Here is a diagram showing the location of adrenal glands on top of each kidney :

Adrenal gland has two parts, anatomically : adrenal cortex and adrenal medulla. These two act like two separate endocrine glands. The adrenal medulla produces large amounts of the hormone adrenaline, also known as epinephrine, and small amounts of norepinephrine or noradrenaline. Epinephrine and norepinephrine are commonly referred to as the fight-or-flight hormones because they get the body prepared for stressful situations that require vigorous physical activity.

This diagram shows the effects of epinephrine (adrenaline) on different organs of body :

The adrenal cortex makes up the bulk of the adrenal gland. Its cells are organized into three layers of cells, forming an inner, a middle, and an outer region of the cortex.

The outer layer of the adrenal cortex secretes a group of hormones called "mineralocorticoid hormones" because they regulate the concentration of mineral electrolytes. The most important of these hormones is aldosterone, which regulates sodium reabsorption and potassium excretion by the kidneys.

The middle layer of the adrenal cortex secretes cortisol, which is a "glucocorticoid hormone". Cortisol stimulates the liver to synthesize glucose from circulating amino acids. It causes adipose tissue to break down fat into fatty acids and causes the breakdown of protein into amino acids. The action of cortisol helps the body during stressful situations and helps maintain the proper glucose concentration in the blood between meals. Cortisol also helps reduce the inflammatory response.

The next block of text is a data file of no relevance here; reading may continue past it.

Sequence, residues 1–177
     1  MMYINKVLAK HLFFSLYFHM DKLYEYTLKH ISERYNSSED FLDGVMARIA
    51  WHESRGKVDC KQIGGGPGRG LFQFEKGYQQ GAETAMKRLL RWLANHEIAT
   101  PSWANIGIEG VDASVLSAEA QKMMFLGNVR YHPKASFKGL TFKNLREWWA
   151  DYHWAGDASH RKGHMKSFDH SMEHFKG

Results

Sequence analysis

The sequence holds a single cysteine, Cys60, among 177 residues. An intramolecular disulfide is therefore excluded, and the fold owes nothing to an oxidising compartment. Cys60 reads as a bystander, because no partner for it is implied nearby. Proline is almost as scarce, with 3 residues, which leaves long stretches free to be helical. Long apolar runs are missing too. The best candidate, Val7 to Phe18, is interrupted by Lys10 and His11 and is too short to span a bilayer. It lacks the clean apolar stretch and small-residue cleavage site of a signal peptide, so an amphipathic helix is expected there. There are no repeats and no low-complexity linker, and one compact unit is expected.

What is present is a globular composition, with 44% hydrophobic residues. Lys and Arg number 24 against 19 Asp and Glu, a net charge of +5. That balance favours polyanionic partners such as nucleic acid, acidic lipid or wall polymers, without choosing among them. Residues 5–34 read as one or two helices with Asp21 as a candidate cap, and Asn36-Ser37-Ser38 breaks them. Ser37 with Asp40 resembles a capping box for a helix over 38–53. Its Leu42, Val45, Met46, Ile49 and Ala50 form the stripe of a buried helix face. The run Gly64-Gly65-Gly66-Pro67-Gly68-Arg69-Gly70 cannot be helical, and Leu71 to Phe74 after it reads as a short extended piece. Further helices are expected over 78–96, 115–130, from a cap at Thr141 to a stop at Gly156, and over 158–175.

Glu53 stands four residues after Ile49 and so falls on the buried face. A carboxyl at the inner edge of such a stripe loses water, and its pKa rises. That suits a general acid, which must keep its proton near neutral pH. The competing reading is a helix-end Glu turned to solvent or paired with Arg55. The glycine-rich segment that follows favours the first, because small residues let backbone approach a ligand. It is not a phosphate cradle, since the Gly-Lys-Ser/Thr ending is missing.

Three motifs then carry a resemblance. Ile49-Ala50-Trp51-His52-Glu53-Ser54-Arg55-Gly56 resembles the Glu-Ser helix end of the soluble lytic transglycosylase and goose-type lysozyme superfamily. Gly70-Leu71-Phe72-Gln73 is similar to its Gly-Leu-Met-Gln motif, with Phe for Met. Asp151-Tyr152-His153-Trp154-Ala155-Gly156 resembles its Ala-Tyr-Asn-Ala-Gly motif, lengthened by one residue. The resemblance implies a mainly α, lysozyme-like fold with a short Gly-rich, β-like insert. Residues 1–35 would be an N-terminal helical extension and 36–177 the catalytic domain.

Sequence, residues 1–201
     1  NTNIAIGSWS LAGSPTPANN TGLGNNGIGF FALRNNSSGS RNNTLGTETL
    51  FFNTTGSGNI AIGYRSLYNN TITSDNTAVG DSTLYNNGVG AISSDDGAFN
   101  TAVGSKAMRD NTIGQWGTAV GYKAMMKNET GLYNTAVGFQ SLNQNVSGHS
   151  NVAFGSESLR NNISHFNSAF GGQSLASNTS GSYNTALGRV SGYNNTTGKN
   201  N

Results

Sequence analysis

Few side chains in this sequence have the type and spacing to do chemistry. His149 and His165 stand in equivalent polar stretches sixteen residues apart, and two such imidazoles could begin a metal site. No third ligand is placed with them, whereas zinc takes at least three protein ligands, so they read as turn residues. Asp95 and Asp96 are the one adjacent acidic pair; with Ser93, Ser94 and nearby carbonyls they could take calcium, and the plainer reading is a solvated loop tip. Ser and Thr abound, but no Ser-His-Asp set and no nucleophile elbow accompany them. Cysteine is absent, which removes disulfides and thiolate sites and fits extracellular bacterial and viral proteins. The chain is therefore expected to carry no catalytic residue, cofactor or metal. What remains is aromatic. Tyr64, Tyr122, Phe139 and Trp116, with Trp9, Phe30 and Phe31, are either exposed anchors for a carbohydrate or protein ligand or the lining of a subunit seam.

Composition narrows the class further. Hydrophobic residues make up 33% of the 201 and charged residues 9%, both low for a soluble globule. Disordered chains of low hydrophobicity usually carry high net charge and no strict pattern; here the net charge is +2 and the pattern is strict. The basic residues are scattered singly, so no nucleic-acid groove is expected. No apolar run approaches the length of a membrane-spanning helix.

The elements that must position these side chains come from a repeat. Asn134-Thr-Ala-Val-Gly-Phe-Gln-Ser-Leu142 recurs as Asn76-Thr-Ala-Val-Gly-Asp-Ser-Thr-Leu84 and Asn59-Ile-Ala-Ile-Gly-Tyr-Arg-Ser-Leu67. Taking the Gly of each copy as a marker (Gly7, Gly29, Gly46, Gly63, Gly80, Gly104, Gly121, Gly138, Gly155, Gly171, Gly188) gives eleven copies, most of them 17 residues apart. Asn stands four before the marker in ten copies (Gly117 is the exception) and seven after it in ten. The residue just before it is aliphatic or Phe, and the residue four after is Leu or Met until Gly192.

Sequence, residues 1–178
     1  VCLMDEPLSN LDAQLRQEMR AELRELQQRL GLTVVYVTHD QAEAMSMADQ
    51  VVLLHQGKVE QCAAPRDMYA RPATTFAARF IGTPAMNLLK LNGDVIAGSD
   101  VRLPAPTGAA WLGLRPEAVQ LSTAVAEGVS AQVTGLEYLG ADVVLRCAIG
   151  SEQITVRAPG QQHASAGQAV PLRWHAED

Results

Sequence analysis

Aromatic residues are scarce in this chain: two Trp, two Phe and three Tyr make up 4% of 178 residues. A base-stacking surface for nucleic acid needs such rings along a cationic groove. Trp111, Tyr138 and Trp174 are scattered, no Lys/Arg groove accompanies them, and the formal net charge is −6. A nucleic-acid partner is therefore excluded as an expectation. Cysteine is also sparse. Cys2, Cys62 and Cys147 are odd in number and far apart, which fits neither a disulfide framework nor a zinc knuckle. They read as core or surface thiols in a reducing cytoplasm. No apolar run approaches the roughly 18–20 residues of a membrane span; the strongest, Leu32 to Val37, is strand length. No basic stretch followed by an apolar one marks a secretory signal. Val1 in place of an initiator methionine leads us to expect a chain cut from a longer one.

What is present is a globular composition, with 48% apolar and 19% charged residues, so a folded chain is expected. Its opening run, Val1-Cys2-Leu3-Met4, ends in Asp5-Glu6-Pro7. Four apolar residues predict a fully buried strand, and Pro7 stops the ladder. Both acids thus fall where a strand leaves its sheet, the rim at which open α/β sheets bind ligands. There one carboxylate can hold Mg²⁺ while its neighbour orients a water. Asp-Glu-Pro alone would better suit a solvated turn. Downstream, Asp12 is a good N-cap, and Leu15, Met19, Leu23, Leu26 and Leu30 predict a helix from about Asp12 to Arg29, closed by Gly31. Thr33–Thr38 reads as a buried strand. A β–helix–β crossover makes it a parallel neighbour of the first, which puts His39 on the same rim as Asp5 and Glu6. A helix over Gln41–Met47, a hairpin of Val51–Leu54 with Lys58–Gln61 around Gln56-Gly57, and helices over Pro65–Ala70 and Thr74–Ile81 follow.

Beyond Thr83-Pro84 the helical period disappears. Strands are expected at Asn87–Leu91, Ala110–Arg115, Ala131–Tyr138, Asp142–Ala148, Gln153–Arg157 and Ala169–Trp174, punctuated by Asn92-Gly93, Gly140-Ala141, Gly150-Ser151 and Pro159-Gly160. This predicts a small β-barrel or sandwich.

Cells in the inner layer of the adrenal cortex produce small amount of the androgens in both male and female.


There are two Brachial arteries but only one Brachiocephalic artery in the body.


This is the diagram of branches of arch of aorta :

From the picture we can see arch of aorta has three branches : brachiocephalic artery, left common carotid artery and left subclavian artery.

The brachiocephalic artery is in right side and shortly after its commencement it gives rise to right common carotid artery and right subclavian artery.

Whereas in the left side, the left common carotid artery and the left subclavian artery arises directly from the arch of aorta. So, there is no left brachiocephalic artery. And we are left with only one brachiocephalic artery.

The right and left subclavian arteries then supply right and left arm by forming right and left axillary arteries. The axillary artery in each arm then gives rise to brachial artery. Yes there are two brachial arteries. One in each arm.

Here is a couple of pictures. First one shows how brachial artery is formed. The second one shows two brachial arteries :